A recent issue of Time magazine launched the new “Kid of the Year” recognition. Along with this year’s selection of Gitanjali Rao, the magazine profiled four other young people whose accomplishments, imagination, and engagement in life are impressive. As I read about them, I couldn’t help imagining them among the thousands of other students I have known as a high school teacher and administrator. These five students illustrate the potential in all young people and make me wonder why more never achieve what these five did.

Last week, a student reminded me: “I am someone who relies a lot on being given strict guidelines to follow,” Sarah said. “I can knock out an analytic or research paper and get good grades. But when I have to rely on my own mind, nothing comes to me.” Her observation resonates with my experiences in schools. Schools are really good at strict guidelines — the graduation requirements, course loads, schedules, assignments, right and wrong answers.

I recall vividly the moment when I was a junior in high school and had the same sort of epiphany as Sarah. I loved sciences and had decided to major in chemistry in college. But during that spring, I realized that I could not think like a scientist. I wasn’t a creative thinker, couldn’t formulate a hypothesis, couldn’t design an experiment. I could memorize just about anything, and in a system that equated learning with remembering stuff, I was rewarded with excellent grades and high scores on standardized tests. One afternoon, I met with my science teacher and explained my discovery. He looked at me quizzically, head tilted slightly to the right, as though he were studying a new life form, and said, “Don’t be silly. You’ll do fine.”

Seems as though nothing much has changed in the 60 years between my school days and Sarah’s. Despite some scattered exceptions, schools simply are not designed to foster independence or deep engagement. Their design is more likely to produce obedience and dependency than divergent, creative thinking. Students are expected to care about and learn things that matter to adults. Adults ask the questions; students memorize the answers. Students also learn to parrot the thoughts and follow the steps to solutions that their teachers expect. The behaviors and results are baked into the model itself. I am not blaming teachers. In fact, I adored my science teacher; he kindled my love of science. And Sarah likes her teachers. The point is that everyone — students, teachers, administrators — is a prisoner of this system, imaginations chained to the wall.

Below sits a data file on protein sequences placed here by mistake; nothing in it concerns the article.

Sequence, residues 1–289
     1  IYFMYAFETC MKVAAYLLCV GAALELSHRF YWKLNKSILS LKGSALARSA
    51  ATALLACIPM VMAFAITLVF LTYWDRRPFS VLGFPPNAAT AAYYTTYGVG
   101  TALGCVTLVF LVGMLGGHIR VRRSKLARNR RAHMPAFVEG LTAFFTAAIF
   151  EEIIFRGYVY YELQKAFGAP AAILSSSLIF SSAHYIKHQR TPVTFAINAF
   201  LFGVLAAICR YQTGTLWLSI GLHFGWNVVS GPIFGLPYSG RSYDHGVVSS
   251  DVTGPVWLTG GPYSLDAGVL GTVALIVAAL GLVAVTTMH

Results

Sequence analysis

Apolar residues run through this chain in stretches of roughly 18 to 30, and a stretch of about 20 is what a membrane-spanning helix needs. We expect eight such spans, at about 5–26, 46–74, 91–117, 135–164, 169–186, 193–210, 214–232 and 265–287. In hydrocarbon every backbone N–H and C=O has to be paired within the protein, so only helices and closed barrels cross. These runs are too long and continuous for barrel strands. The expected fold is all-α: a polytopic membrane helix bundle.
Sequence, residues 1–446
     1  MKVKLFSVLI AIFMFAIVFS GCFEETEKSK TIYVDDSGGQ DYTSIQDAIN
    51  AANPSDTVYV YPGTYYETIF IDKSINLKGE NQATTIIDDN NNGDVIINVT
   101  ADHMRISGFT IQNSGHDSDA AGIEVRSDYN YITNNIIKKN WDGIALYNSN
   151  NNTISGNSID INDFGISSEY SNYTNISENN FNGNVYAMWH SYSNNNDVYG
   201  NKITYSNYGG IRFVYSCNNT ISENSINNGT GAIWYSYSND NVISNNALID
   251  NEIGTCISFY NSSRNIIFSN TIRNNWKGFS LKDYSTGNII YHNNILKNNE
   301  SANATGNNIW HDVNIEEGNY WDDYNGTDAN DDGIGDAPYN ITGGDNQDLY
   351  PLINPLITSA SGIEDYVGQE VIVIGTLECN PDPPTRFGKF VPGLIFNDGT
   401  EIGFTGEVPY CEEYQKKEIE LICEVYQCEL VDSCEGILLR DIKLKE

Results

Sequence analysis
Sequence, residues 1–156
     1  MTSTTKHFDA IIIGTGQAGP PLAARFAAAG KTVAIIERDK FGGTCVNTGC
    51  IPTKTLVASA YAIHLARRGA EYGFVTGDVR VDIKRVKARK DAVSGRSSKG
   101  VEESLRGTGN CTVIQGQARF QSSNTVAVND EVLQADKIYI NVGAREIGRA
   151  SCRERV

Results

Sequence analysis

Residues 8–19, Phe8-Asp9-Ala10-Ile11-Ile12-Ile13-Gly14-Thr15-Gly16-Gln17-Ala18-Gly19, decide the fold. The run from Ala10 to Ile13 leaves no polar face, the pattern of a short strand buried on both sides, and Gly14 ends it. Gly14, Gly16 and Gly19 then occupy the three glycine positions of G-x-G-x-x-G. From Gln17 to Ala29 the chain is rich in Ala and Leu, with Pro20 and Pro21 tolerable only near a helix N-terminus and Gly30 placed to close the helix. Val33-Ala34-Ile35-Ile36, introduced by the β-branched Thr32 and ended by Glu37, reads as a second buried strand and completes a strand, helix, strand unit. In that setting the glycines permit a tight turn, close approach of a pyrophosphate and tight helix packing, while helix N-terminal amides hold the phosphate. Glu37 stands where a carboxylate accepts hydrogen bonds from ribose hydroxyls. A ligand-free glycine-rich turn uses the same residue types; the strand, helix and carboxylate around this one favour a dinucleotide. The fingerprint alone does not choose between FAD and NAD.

Teachers, too, lament their students’ inability to think. Eric, for example, described his frustration: “When I tell my advanced photo students, juniors and seniors in high school, that for a whole semester they will be working on a project driven by their own interests, I mostly get I’m-not-sure-what-to-do looks. They have so little opportunity to think this way that they are not  in touch with what they are curious about.”